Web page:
• You are encouraged to co-author breakout session submissions with other interested parties but sessions will be open to general summit attendees.

Project Demo

  • This is a casual show and tell session that will take place during the end-of-day drinks.
  • You are encouraged to include pictures as part of your demo submissions.
  • Please include all demo requirements: amount and type of space (e.g. “one 3×3 foot table and one chair” or “a 5 × 5 section of wall with at least 10 feet in front of it”), power requirements (note: we cannot provide any power adaptors). Please keep in mind this is an informal project demo, and complex requirements/constraints (internet, light/sound conditions etc) will be difficult to accommodate.
  • It will be your responsibility to carry/assemble/set up/disassemble your demo. We cannot provide any support for the receiving, storing, or shipping of demos.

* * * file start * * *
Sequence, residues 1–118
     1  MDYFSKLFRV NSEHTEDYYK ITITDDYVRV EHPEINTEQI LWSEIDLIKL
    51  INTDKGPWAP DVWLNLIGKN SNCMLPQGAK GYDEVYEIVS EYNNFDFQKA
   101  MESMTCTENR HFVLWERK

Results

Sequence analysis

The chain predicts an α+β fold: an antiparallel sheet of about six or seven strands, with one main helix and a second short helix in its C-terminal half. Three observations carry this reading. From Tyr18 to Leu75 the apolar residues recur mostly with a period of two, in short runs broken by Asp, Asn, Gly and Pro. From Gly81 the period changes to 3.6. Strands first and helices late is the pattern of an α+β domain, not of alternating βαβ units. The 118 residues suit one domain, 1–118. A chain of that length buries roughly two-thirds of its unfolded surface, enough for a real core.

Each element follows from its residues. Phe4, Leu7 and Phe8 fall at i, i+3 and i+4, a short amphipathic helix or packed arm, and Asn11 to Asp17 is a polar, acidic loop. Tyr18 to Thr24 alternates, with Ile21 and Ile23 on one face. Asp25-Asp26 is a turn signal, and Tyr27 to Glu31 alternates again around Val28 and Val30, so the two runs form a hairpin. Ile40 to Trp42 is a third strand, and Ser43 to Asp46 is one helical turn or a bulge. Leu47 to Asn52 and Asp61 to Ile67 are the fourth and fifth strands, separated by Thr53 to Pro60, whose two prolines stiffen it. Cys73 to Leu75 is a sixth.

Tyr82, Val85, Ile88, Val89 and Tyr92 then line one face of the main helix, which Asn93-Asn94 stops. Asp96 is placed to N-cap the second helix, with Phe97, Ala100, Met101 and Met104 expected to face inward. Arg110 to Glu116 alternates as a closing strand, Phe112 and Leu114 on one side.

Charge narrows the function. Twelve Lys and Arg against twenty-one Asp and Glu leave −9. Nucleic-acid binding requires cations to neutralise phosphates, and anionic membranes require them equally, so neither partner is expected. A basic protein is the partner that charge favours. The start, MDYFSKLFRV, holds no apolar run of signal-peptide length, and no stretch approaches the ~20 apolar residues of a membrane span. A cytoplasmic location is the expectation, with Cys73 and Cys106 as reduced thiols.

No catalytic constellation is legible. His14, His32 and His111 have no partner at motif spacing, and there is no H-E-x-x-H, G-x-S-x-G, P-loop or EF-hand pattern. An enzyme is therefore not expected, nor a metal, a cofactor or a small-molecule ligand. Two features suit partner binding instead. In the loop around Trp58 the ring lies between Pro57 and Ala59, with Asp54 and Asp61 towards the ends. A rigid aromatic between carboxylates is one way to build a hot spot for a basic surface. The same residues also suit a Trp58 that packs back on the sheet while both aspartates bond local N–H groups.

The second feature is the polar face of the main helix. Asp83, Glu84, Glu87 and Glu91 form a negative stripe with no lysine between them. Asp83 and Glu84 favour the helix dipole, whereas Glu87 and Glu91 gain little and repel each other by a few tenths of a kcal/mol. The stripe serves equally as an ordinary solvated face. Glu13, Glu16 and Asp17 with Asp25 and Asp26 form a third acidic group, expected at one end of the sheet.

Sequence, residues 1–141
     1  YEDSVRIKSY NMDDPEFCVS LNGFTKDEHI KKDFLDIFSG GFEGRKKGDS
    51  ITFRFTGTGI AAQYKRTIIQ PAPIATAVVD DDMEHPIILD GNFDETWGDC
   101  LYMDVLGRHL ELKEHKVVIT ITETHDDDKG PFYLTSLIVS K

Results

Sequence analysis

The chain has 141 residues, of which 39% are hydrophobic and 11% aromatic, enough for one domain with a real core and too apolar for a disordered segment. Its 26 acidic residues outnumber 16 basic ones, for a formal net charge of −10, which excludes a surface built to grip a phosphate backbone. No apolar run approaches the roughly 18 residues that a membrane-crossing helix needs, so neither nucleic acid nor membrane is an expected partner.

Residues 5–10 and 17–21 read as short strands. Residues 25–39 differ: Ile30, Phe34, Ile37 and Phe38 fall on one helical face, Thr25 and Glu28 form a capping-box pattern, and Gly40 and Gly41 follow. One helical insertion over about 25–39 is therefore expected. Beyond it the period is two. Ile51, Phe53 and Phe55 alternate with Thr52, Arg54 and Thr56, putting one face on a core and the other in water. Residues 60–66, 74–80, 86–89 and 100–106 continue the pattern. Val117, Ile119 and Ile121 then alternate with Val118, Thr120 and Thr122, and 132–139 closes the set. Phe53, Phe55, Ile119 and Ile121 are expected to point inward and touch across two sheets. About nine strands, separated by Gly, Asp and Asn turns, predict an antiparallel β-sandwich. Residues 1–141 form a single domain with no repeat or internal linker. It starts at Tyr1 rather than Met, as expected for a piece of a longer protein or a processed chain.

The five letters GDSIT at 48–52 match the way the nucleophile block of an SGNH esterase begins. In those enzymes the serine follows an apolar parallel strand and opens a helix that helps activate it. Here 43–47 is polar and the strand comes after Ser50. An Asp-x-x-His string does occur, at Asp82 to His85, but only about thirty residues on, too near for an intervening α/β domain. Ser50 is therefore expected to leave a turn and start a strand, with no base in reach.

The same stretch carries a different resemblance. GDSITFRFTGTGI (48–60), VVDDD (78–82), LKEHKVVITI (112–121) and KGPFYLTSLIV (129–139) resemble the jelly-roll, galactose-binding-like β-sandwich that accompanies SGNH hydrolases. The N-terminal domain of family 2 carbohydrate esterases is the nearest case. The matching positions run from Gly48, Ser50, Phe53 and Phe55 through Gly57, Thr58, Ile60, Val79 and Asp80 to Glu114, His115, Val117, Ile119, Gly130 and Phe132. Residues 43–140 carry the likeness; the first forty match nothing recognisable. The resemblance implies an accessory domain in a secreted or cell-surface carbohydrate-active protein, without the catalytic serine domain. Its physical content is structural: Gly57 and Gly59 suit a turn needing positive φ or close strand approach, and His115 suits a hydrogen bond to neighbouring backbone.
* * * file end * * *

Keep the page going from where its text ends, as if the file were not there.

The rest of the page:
• Note: If submitting a project demo, Your project MUST be working by the time of the summit.

Submission format

  • Submissions should be formatted as plain text of no more than 1,000 words in length and include ALLof the following:
  • The type of submission (talk, breakout session, or demo)
  • A title
  • A bio of the speaker(s) (That’s you!)
  • What you intend to talk about, the topic for your breakout session, or a description of your demo
  • An explanation the importance of your submission to the open-hardware community
  • A maximum of TWO photos that help explain your topic of submission (optional)

Submissions should be emailed to proposals [AT] openhardwaresummit.org with the subject line “Open Hardware Summit submission” followed by the type of submission in parentheses (e.g. “Open Hardware Summit submission (breakout session)”). Deadline is JUNE 24th, 2011 BY 11:59pm (EST). Accepted submissions WILL BE PUBLISHED on the OHS website.